In a significant turn of events, the Supreme Court of Pakistan has declared the arrest of Imran Khan, the former Pakistan cricketer and Prime Minister, as “unlawful” and ordered his immediate release. Chief Justice Umar Ata Bandial, presiding over the Supreme Court, deemed the warrants used for Imran’s arrest in Islamabad on Tuesday as null and void.

Following the court’s ruling, Imran will be transferred to a guesthouse at the police headquarters in Islamabad. Additionally, he has been instructed to appear before the Islamabad High Court (IHC) on Friday, where his arrest had initially been declared legal.

This decision comes swiftly after Imran’s arrest by the Pakistan Rangers, a paramilitary federal law enforcement corps. He was apprehended while presenting himself at the IHC for an unrelated case, specifically the Al Qadir University case, an institution he founded during his tenure as prime minister in 2019, and where he currently serves as chairman. The manner in which Imran was detained, with scores of paramilitary police leading him away, attracted widespread criticism both in Pakistan and abroad. Imran further alleged in the Supreme Court that the arrest had involved violence and physical abuse, claiming he had been beaten with sticks.

Previously held by the National Accountability Bureau (NAB), Imran had been ordered by the IHC to remain in physical remand for eight days. However, he swiftly appealed this decision, resulting in his release on Thursday. It is important to note that this release does not equate to an acquittal in the ongoing case. Instead, the Supreme Court found fault with the arrest procedure itself.

Following Imran’s release, his supporters congregated outside the court, expressing their joy and chanting slogans. The arrest had triggered violent protests across Pakistan, particularly in Lahore, where the Corps Commander’s House was vandalized and set ablaze. Clashes between the Pakistan military and supporters of Imran’s political party, the PTI, persisted throughout the past two days.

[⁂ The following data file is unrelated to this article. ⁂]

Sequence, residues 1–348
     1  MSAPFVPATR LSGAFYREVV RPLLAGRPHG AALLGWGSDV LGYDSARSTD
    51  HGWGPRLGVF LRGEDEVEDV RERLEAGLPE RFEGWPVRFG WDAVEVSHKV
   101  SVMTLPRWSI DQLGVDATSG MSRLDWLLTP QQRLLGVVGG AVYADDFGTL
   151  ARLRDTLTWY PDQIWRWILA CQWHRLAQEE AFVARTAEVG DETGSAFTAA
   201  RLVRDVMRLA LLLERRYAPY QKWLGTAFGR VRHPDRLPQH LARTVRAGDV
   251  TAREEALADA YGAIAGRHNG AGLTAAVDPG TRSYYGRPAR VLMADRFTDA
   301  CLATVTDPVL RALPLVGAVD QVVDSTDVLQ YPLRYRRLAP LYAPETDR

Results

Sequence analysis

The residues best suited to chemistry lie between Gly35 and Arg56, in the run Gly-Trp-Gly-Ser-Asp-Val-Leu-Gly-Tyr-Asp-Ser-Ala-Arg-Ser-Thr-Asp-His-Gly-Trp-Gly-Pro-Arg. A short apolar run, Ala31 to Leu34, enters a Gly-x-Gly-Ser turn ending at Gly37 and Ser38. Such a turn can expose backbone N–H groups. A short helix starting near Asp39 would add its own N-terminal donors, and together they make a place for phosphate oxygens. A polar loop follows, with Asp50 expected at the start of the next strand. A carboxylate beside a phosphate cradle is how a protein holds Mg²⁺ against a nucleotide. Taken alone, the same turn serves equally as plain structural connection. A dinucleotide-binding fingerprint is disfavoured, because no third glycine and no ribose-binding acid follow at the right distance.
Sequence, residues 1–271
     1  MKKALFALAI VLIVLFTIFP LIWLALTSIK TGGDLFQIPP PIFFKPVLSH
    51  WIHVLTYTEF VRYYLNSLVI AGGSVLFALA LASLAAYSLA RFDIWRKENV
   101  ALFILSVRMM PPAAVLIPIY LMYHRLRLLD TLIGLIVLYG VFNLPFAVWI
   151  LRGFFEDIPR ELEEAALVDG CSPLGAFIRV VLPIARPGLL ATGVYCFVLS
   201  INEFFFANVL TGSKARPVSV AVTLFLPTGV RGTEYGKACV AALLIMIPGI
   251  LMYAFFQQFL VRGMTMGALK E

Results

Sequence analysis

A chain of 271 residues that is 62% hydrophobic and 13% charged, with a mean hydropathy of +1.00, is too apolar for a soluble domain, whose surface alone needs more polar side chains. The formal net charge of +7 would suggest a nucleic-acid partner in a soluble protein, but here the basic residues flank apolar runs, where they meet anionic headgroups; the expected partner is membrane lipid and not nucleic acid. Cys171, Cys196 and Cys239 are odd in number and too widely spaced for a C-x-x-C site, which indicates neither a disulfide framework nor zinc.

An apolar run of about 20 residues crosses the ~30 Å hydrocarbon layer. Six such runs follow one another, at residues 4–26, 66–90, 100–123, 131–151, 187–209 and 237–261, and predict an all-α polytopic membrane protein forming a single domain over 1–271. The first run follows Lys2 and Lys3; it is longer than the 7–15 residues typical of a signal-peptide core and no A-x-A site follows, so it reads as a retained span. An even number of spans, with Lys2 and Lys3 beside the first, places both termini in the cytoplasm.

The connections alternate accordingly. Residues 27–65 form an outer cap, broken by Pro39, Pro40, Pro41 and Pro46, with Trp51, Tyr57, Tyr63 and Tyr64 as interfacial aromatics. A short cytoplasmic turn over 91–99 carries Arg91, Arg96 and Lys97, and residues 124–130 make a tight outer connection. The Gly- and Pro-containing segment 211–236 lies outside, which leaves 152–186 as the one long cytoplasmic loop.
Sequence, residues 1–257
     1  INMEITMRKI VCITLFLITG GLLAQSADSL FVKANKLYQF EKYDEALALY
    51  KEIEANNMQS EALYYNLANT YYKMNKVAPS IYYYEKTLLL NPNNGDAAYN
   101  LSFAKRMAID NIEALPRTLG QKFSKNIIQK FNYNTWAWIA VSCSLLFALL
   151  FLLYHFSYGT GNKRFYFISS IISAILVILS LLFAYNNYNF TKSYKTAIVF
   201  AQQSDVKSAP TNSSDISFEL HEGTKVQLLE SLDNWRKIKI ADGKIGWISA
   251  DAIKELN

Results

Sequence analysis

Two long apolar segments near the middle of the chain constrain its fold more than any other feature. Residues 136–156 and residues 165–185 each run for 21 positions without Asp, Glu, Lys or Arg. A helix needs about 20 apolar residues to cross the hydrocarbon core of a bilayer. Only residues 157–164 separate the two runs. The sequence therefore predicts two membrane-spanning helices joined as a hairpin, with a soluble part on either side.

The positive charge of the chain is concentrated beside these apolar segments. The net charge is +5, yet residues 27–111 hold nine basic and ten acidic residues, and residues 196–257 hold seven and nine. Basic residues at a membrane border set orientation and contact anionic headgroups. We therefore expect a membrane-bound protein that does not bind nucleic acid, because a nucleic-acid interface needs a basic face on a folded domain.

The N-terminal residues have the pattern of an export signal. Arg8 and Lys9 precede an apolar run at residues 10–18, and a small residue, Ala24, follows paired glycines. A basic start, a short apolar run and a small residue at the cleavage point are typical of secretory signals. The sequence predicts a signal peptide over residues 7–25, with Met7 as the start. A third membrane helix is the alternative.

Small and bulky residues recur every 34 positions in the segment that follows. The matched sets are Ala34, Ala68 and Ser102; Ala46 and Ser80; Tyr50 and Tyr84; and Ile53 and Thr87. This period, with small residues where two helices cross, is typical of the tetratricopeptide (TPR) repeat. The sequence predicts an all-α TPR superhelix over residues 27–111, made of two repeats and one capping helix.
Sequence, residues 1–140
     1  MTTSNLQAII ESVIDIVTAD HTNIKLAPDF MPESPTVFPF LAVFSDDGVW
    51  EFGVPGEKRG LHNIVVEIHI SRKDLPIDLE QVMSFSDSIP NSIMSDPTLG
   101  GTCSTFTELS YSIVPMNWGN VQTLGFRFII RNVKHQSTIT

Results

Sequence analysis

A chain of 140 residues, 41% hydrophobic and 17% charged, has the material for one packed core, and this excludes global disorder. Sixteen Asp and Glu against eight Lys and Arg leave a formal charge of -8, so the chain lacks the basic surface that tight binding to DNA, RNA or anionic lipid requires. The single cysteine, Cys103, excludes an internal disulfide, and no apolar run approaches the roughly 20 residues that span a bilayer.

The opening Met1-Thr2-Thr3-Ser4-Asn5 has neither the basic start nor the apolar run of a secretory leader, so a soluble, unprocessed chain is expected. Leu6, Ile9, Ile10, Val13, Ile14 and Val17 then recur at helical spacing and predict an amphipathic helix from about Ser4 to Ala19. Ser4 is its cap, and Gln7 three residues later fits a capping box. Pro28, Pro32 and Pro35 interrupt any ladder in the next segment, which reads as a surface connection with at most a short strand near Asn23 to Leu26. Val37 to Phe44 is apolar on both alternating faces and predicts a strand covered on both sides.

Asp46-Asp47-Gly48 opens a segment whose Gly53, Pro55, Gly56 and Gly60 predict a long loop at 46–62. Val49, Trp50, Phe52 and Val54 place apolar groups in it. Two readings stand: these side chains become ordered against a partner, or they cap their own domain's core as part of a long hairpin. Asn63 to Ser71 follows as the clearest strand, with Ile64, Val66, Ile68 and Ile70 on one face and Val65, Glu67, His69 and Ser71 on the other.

As a consequence, mobile internet services remain suspended across the country, and access to social media platforms has been restricted. According to conservative estimates, the death toll resulting from these protests has reached 12.

The current federal government, which assumed power in April 2022 through a vote of no confidence, has repeatedly advocated for Imran’s arrest. Multiple courts over the past year have also called for his detention. In March, two separate attempts were made to arrest him from his residence, but large numbers of supporters gathered outside his home, impeding the police’s efforts. Several polls have consistently shown Imran as the most popular politician in the country.

He has accused the government of infringing upon the democratic rights of Pakistani citizens by refusing to hold elections, stating, “They want to either arrest or disqualify me because they are scared [of the fact] that my party is one of the most popular in Pakistan’s history,” as he explained to Al Jazeera in March during the attempted arrest in Lahore. Imran himself survived an assassination attempt in November, sustaining bullet wounds to his leg while leading a protest march in Wazirabad, Punjab.